Master Series: Greg Heisler’s Advice to Photographers

Written by Fredrik Franzén on . Posted in Videos

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Every few months, Profoto has the pleasure of interviewing an accomplished and highly regarded photographer to bring you their passion and knowledge of light shaping. This collection of interviews makes up the Master Series.

The latest addition to the Master Series features New York-based photographer Gregory Heisler, renowned for his technical mastery and iconic Time Magazine covers, to name just a few examples.

In this second video Greg shares some of the lessons he has learned throughout his career. He also gives some advice to the young and upcoming photographers.

The third video will be posted next Monday. In case you missed the first video, it is still available here.

You can see more of Greg’s work at his website. He is also a frequent Twitterer.

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Comments (8)

  • Dean Brown

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    I really enjoyed listening to this gentleman. He is so correct and the “real deal” in his thinking. I see so many photographers thinking they are professionals but in reality they are someone who got into this industry for the wrong lasting reason. It is a PASSION….PERIOD!

    Reply

  • Dean Brown

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    I really enjoyed listening to this gentleman. He is so correct and the “real deal” in his thinking. I see so many photographers thinking they are professionals but in reality they are someone who got into this industry for the wrong lasting reason. It is a PASSION….PERIOD!

    The market is flooded with photographers today. 98% have no idea how much there is to learn, practice, and the effort required to truly become a professional.

    If you want to find the true professionals…take the digital camera out of their hands, give them a film camera, four rolls of 120 film, light meter, two speed lights, and three studio strobes and tell them to shoot a wedding, commercial assignment, fashion, etc. Throw them a real NY Yankee curve ball….take three images one with 2:1, 3:1 and 4:1 ratio. Unfortunately, in today’s photography industry, there are many individuals who think a digital camera and flash attached to it qualifies them to be called a professional. They place cute images on a Website and now they are ready to provide professional images.

    The learning, practicing, and commitment to photography does not exist. This is why there are so many here today and gone tomorrow photographers.

    I believe the time has arrived for an individual to call themselves a professional, they must take a certification exam. Similar to but mor more intense and demanding them the certification offered by PPAA.

    So wonderful to listen to the wisdom of a true professional who I envy in his ability. Greg Heisler is a true pro!

    Reply

  • Stanley Sykes

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    Very nice video he hit the nail on the head, passion. That’s me I feel like artist with a very big brush when I hold my Nikon D90 in my hands. Being a retired Army guy I just wish I own the big brush (nikon) when I was in the Army traveling thought out the world.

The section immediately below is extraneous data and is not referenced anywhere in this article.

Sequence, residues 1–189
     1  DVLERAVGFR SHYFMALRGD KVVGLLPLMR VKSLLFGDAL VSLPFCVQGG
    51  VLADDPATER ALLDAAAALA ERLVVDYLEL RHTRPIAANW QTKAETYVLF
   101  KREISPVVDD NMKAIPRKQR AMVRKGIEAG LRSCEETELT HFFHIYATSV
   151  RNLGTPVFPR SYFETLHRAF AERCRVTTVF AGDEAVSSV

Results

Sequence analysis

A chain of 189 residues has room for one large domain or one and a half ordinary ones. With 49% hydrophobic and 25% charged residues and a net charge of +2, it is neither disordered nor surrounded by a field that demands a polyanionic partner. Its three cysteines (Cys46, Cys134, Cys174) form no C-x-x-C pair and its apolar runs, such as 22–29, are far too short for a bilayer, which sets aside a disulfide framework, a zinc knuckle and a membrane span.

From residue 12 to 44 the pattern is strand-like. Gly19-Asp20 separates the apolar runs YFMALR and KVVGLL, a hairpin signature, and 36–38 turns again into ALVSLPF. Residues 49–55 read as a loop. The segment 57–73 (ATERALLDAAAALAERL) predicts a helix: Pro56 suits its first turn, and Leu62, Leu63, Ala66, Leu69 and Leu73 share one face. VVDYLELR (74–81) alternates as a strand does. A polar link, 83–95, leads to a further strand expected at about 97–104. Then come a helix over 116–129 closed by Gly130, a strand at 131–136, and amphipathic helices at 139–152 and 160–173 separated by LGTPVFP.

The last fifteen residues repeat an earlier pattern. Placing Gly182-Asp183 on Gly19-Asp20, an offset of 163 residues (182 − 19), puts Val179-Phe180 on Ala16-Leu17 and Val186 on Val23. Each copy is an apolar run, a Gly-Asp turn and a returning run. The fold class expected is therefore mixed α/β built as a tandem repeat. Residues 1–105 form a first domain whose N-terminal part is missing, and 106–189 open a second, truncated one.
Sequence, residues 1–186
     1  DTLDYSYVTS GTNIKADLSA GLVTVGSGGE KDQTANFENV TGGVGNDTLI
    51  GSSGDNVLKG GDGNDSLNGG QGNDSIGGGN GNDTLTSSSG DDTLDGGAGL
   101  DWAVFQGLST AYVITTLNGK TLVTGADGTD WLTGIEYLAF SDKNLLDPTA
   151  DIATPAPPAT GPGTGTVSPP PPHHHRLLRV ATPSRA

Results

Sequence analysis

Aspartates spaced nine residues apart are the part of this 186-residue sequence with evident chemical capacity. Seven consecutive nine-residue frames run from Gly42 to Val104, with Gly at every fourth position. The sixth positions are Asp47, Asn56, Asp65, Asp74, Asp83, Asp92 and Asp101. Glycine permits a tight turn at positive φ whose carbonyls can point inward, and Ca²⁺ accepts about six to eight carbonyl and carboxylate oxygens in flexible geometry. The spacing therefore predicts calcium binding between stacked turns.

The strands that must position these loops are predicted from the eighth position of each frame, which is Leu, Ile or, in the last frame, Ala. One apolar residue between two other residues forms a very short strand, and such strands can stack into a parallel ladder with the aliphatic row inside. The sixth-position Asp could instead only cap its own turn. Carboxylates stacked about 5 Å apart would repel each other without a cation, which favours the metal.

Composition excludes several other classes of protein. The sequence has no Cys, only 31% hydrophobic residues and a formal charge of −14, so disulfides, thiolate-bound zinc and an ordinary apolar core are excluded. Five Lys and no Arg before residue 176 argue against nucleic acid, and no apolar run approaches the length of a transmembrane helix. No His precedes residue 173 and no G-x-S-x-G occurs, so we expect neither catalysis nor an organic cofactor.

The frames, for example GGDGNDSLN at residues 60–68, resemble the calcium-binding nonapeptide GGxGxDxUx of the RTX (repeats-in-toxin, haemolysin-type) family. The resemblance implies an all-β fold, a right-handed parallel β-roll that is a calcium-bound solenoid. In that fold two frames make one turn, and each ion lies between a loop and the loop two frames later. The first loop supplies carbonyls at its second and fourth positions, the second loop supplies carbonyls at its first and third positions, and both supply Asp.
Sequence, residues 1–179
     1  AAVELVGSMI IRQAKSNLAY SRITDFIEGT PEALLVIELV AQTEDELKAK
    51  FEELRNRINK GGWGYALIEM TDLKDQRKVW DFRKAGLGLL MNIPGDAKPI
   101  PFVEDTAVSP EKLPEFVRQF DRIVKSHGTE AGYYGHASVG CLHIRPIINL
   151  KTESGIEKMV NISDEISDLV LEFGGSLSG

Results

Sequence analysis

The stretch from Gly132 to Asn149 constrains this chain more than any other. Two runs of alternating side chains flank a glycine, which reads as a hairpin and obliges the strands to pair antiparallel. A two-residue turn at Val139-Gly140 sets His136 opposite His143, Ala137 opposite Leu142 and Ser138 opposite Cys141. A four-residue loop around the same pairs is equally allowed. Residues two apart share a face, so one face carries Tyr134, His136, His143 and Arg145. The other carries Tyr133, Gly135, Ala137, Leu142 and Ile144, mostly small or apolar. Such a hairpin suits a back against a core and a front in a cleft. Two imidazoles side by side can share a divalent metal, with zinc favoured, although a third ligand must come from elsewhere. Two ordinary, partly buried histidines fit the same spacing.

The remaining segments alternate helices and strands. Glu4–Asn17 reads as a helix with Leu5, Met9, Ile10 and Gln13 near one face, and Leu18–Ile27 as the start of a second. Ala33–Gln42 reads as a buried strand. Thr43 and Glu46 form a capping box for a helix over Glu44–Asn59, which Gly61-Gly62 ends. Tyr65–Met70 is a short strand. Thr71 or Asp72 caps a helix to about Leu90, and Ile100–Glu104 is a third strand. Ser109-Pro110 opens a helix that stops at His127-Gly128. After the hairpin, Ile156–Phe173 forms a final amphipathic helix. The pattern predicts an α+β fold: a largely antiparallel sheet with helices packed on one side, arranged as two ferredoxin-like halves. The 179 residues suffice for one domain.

Reply

  • Jackson Veloska

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    Hey Dean,

    I think you also miss the spirit of his video. Yes, he’s right, but what you’re talking about is something only technical which does not count either. Why would a new photographer go shoot film, it is no longer that kind of world and would waste precious time on old technology? I’m from the old school who has been through film, but i would never advocate new photographers waste their time on the old technology. What greg says is just concentrate on doing photography for the photography, but no where does he say go shoot film?

    you’re worried about competition from these “new” photographers but all greg says to new photographers is philosophical. he’s not slighting them.

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  • Leng, Brian

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    Greg has some inspiring words of encouragement for the emerging photographers and that is to “Love What You are Doing” 24/7.

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  • Bob Berry

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    Excellent interview, right on the nose, hard work, passion and looking for the next picture. The market is flooded with photographers, but not necessarily people who have a vision, photography tests and challenges you all the time, you eat, drink and breathe it, there is a science to it, an art to it and then just good old love and passion for a truly magical way of capturing light, freezing a moment, creating a memory. As Greg says, its not all about creating the next great picture, its about creating something that you feel happy, excited and proud of and is special to you. Greg is a real gentleman and true professional in all senses of the word, he is true to the gift he has, without craving celebrity status…its about the picture.

    Reply

  • Carolina Burgos

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    Excellent!! The truth said simply and honestly. It is the passion and the love to make the next image to feel happy by doing so.

    Reply

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